This month, the Australian Friends of Palestine Association (AFOPA) will mark 100 weeks of protest against the sale of cosmetics containing minerals extracted from the Dead Sea — in Palestinian territory under Israeli military occupation — by Seacret. Seacret says on its website: “We believe everything we do must embody honesty and reflect purity.” Its products are made with “the ancient, and some say mystical, salts and minerals found only in one place on earth, the Dead Sea”.
The Darwin Asylum Seeker Support and Advocacy Network released the statement below on July 31. * * * The Darwin Asylum Seeker Support and Advocacy Network (DASSAN) has called for an overhaul of the Department of Immigration’s character test procedures for refugees following the appearance today of a refugee at the Darwin Magistrates Court on minor property damage charges.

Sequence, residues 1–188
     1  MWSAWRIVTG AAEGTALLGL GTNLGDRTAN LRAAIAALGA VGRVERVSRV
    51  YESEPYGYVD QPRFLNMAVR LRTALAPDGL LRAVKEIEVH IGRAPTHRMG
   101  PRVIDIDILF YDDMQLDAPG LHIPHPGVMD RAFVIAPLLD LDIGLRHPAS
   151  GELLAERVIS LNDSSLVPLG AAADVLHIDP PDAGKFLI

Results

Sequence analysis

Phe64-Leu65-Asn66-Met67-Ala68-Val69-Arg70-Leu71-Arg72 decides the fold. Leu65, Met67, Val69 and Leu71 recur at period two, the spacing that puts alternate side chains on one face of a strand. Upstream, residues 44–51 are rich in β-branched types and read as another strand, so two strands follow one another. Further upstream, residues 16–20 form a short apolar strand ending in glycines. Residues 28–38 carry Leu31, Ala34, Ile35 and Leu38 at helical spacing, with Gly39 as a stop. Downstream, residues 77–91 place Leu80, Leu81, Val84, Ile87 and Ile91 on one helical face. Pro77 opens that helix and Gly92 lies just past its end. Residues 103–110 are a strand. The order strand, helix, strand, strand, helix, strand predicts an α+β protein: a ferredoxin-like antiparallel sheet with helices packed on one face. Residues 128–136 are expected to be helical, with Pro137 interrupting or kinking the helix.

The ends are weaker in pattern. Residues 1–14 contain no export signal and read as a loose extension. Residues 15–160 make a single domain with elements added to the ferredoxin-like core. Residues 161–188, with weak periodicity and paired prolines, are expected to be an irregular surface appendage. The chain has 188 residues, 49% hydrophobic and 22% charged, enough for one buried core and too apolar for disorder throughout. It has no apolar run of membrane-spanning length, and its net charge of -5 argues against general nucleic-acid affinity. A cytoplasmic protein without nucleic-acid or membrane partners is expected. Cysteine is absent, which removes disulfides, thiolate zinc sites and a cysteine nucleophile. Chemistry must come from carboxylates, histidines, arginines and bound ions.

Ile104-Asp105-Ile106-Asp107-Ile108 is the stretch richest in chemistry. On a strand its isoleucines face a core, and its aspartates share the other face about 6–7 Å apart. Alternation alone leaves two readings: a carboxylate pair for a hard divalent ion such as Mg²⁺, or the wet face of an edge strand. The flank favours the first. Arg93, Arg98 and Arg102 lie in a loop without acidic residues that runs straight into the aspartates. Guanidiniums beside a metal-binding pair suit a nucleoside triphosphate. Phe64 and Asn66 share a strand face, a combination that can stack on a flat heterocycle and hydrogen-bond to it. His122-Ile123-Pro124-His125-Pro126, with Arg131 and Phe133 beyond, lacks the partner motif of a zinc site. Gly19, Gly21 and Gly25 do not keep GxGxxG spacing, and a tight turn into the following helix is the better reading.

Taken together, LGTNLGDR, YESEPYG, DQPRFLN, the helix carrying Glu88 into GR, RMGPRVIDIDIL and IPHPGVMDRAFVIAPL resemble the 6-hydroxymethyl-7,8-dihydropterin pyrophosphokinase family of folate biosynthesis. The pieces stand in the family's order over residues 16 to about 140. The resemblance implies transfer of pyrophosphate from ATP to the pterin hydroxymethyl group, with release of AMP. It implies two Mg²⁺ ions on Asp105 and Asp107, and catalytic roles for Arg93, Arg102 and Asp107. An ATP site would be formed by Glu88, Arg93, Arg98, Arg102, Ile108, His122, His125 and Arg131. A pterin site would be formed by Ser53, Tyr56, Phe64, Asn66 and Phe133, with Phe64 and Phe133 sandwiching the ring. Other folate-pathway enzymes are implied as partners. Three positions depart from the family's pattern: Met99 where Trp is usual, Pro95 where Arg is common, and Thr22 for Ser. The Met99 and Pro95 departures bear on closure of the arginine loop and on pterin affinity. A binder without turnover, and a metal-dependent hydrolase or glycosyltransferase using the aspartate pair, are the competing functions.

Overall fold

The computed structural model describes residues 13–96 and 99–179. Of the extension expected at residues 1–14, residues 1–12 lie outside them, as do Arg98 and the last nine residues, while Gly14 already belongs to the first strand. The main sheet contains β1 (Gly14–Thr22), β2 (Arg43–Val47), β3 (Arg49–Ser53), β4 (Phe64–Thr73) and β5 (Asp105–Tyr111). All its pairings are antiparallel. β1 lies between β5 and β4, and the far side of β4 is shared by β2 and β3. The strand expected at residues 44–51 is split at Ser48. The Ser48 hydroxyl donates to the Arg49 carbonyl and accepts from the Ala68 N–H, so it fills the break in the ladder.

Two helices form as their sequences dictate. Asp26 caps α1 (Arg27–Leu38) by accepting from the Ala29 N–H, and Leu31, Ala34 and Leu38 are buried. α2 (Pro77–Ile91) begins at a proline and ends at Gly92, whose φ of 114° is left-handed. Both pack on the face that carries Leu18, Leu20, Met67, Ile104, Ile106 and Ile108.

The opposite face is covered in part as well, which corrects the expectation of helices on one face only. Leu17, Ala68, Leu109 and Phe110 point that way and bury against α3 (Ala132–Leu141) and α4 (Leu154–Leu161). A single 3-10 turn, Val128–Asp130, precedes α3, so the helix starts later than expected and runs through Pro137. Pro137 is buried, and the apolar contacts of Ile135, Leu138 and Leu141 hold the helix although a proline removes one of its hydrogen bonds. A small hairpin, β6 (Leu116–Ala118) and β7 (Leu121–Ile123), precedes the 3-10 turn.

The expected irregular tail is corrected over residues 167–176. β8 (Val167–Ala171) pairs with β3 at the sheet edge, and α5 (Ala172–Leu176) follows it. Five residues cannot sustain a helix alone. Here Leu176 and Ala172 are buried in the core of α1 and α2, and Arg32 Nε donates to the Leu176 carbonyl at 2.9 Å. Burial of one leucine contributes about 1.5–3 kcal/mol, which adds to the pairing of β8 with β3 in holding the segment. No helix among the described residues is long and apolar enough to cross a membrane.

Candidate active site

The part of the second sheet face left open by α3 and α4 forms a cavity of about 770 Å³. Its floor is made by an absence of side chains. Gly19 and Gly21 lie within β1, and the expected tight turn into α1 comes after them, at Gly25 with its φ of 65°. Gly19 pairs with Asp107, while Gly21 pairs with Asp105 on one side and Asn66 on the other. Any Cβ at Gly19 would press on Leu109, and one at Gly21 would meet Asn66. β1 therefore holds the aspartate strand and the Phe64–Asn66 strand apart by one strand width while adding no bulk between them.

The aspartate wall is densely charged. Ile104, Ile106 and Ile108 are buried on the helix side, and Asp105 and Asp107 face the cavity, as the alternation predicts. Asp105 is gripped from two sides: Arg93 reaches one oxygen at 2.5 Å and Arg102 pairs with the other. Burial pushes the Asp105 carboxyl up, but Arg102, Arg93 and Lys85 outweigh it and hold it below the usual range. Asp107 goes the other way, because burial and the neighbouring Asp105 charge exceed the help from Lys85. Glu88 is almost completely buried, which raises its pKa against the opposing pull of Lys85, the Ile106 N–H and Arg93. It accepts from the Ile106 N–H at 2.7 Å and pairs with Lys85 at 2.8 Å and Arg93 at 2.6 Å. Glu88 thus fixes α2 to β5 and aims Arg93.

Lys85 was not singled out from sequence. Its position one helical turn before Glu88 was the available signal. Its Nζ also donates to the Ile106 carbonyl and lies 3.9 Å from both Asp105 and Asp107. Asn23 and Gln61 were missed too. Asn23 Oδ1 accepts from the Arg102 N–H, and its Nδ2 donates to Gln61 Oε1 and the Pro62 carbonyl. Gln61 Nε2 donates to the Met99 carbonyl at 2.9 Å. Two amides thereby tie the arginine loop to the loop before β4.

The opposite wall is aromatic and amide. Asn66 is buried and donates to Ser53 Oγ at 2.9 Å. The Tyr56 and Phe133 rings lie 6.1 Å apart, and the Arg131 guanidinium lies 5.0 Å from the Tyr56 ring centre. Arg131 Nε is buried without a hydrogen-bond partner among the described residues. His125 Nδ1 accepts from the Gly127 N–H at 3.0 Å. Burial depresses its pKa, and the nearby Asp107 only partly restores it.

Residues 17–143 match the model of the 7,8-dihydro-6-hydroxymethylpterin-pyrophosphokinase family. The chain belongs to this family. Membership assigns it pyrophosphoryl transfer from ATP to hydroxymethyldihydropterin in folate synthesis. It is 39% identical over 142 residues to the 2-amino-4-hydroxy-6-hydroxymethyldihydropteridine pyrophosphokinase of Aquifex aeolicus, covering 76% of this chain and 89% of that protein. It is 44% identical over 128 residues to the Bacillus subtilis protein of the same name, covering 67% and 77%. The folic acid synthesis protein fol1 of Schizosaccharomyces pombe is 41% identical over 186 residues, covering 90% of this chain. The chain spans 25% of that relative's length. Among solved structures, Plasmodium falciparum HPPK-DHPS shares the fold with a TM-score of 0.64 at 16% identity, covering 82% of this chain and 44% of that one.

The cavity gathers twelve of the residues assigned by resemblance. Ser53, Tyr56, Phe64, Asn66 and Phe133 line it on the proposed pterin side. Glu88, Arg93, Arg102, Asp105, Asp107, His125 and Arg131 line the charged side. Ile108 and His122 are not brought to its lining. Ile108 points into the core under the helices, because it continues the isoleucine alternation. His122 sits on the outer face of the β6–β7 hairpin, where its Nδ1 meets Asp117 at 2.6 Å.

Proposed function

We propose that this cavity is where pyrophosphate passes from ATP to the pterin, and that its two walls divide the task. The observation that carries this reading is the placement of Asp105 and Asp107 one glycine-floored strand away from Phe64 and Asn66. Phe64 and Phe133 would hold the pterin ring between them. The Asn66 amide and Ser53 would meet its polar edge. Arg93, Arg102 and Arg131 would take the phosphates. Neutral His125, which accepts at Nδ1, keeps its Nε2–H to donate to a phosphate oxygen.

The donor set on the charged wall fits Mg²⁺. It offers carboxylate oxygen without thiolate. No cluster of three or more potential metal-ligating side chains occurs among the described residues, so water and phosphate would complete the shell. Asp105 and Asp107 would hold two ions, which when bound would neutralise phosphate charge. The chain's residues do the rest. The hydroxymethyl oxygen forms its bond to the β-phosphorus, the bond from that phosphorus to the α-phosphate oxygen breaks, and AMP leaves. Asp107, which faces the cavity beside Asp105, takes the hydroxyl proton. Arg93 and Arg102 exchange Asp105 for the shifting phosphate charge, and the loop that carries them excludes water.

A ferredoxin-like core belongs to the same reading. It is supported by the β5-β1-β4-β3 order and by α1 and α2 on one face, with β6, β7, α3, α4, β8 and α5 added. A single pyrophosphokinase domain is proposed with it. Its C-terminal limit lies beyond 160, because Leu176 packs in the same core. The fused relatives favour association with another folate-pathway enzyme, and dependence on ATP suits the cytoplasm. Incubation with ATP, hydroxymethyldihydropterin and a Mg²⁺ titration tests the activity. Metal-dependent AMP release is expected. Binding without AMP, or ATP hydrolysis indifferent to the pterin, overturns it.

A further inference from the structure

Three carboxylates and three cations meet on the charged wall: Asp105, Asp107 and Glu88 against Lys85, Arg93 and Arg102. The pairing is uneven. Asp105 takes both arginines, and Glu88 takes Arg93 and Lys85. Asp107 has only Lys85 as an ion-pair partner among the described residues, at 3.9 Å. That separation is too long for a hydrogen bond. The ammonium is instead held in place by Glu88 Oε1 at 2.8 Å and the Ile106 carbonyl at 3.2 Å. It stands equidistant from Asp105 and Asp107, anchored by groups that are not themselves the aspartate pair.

Ray Jackson, President of the Indigenous Social Justice Association, speaks about on deaths in custody, shackling and tasers. Filmed by Peter Boyle for Green Left TV at a protest in Sydney on July 27 to mark the death in custody of Peter Clarke in the Northern Territory.
When you are in a hole, you stop digging. Even if this were not a cliche by now, it would still be common sense. Does this mean, then, that Russian President Vladimir Putin and the hierarchy of the Russian Orthodox Church lack basic reasoning skills? The decision to extend the stay in prison of three members of feminist punk band Pussy Riot certainly seems to prove so.